At the bottom of all the jargon that will be thrown about this week’s climate conference are human lives.
It’s a classic case of the shock doctrine in action: In the wake of the horrific terrorist attacks on Paris earlier this month, the French government is using that crisis to try to silence the climate justice activists who have converged on the capital city for this week’s COP21 climate conference. But this time it’s not working.
Some scientists are saying new data from the National Oceanic and Atmospheric Administration could point to weakening of a North Atlantic ocean current
Some scientists are saying that a record-setting area of cold water in the North Atlantic, revealed by recent National Oceanic and Atmospheric Administration (NOAA) data, could be a sign that climate change is causing the ocean current to weaken.
"There is no development on a dead planet," says 350.org executive director May Boeve.
World leaders gathered at the United Nations on Friday and adopted a set of development goals—from eradicating poverty, to achieving gender equality, and taking urgent action on climate change—but they'll only be achievable, according to anti-poverty organizations, if we bring an end to business-as-usual.
Low-lying south Florida, at the front line of climate change in the US, will be swallowed as sea levels rise. Astonishingly, the population is growing, house prices are rising and building goes on. The problem is the city is run by climate change deniers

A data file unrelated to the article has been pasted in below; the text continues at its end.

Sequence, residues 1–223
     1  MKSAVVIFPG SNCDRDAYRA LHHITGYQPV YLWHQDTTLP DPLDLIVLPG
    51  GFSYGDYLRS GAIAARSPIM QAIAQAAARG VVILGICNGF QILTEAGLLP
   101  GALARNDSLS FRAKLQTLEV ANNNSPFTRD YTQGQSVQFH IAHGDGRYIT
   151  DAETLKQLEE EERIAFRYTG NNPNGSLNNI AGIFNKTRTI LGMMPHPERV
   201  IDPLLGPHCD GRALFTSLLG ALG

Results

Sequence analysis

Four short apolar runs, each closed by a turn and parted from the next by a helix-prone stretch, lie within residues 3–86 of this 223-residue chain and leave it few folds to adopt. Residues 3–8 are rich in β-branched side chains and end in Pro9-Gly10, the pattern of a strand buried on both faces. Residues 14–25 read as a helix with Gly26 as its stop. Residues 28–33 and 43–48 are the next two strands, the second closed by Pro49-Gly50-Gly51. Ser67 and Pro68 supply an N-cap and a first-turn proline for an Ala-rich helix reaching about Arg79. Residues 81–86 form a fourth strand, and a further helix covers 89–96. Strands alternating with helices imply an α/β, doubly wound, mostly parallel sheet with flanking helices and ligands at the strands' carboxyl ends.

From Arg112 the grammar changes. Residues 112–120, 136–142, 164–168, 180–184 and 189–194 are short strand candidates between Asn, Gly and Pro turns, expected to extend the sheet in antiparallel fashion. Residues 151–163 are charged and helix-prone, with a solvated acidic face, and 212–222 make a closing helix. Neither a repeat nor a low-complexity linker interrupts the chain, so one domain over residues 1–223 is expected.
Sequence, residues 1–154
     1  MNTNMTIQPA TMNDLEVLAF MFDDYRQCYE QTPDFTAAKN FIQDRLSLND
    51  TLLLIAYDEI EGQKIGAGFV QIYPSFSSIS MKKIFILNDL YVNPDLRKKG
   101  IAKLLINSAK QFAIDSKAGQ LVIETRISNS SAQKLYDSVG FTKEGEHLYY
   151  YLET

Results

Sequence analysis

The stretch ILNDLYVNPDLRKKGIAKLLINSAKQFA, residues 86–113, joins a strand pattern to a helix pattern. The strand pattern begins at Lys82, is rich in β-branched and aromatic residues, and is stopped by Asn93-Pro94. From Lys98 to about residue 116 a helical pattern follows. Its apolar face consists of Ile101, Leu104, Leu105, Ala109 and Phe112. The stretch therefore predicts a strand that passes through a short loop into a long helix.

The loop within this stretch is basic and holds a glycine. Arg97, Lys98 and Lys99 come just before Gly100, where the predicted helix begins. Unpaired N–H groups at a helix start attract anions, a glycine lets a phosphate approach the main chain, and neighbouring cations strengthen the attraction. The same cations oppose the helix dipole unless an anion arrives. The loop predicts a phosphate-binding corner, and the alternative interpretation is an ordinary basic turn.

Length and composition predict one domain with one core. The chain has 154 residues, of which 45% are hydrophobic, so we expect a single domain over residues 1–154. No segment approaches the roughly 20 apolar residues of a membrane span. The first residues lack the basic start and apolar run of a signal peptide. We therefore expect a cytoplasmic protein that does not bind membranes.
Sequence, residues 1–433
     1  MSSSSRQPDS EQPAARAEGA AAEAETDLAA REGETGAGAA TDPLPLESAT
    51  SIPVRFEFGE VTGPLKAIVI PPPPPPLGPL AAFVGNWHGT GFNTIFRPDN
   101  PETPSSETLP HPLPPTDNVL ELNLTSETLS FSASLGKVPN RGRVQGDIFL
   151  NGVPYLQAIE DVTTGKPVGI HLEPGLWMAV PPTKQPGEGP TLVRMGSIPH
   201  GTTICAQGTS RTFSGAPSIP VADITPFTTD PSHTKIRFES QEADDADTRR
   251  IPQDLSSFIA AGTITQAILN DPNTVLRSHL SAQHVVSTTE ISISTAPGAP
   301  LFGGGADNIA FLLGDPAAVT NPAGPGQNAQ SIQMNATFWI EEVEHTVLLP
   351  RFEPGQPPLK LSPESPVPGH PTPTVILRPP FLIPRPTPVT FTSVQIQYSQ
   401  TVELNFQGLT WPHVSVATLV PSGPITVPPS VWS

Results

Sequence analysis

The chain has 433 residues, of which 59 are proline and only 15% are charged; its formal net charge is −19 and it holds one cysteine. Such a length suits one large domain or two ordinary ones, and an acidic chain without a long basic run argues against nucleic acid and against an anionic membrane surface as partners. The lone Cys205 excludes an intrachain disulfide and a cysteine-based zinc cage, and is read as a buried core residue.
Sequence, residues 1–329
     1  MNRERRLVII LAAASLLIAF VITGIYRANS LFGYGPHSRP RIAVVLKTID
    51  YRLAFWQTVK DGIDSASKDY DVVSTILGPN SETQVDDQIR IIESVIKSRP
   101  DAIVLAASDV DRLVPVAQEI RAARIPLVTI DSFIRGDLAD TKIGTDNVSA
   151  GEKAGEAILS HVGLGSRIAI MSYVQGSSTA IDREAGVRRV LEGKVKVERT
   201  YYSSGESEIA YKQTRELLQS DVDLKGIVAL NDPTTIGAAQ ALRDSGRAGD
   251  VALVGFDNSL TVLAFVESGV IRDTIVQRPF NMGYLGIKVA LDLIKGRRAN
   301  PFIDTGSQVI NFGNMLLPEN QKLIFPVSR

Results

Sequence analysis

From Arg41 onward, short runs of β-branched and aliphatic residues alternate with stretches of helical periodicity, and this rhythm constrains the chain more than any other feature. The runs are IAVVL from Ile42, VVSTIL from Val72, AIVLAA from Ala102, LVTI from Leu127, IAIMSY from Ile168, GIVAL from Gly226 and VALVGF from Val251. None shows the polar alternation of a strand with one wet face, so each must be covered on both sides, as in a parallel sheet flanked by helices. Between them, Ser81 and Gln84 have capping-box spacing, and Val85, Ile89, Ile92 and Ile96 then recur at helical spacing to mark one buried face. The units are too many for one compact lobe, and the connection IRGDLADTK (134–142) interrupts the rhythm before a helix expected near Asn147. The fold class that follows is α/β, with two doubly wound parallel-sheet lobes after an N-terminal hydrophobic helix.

'Encouraging more oil production is precisely the wrong policy signal to be sending if you are not a climate denier,' says Oil Change International.
A industry-led push to lift the U.S. crude oil export ban is gaining momentum in Congress, despite warnings that ending the 40-year-old policy would "cook the climate" and endanger public health and safety.
Historians may look to 2015 as the year when shit really started hitting the fan. Some snapshots: In just the past few months, record-setting heat waves in Pakistan and India each killed more than 1,000 people. In Washington state's Olympic National Park, the rainforest caught fire for the first time in living memory. London reached 98 degrees Fahrenheit during the hottest July day ever recorded in the U.K.; The Guardian briefly had to pause its live blog of the heat wave because its computer servers overheated. In California, suffering from its worst drought in a millennium, a 50-acre brush fire swelled seventyfold in a matter of hours, jumping across the I-15 freeway during rush-hour traffic. Then, a few days later, the region was pounded by intense, virtually unheard-of summer rains. Puerto Rico is under its strictest water rationing in history as a monster El Niño forms in the tropical Pacific Ocean, shifting weather patterns worldwide.
New research shows that consensus estimates of sea level increases may be underestimating threat; new predictions would see major coastal cities left uninhabitable by next century.
If a new scientific paper is proven accurate, the international target of limiting global temperatures to a 2°C rise this century will not be nearly enough to prevent catastrophic melting of ice sheets that would raise sea levels much higher and much faster than previously thought possible.
A coalition of farmers and vintners, doctors and lawyers, clean energy companies and reluctant do-it-yourself activists are fighting for the future of the Finger Lakes region.
The waters of the Gulf of Alaska are some of the most pristine in the world. That will change next month.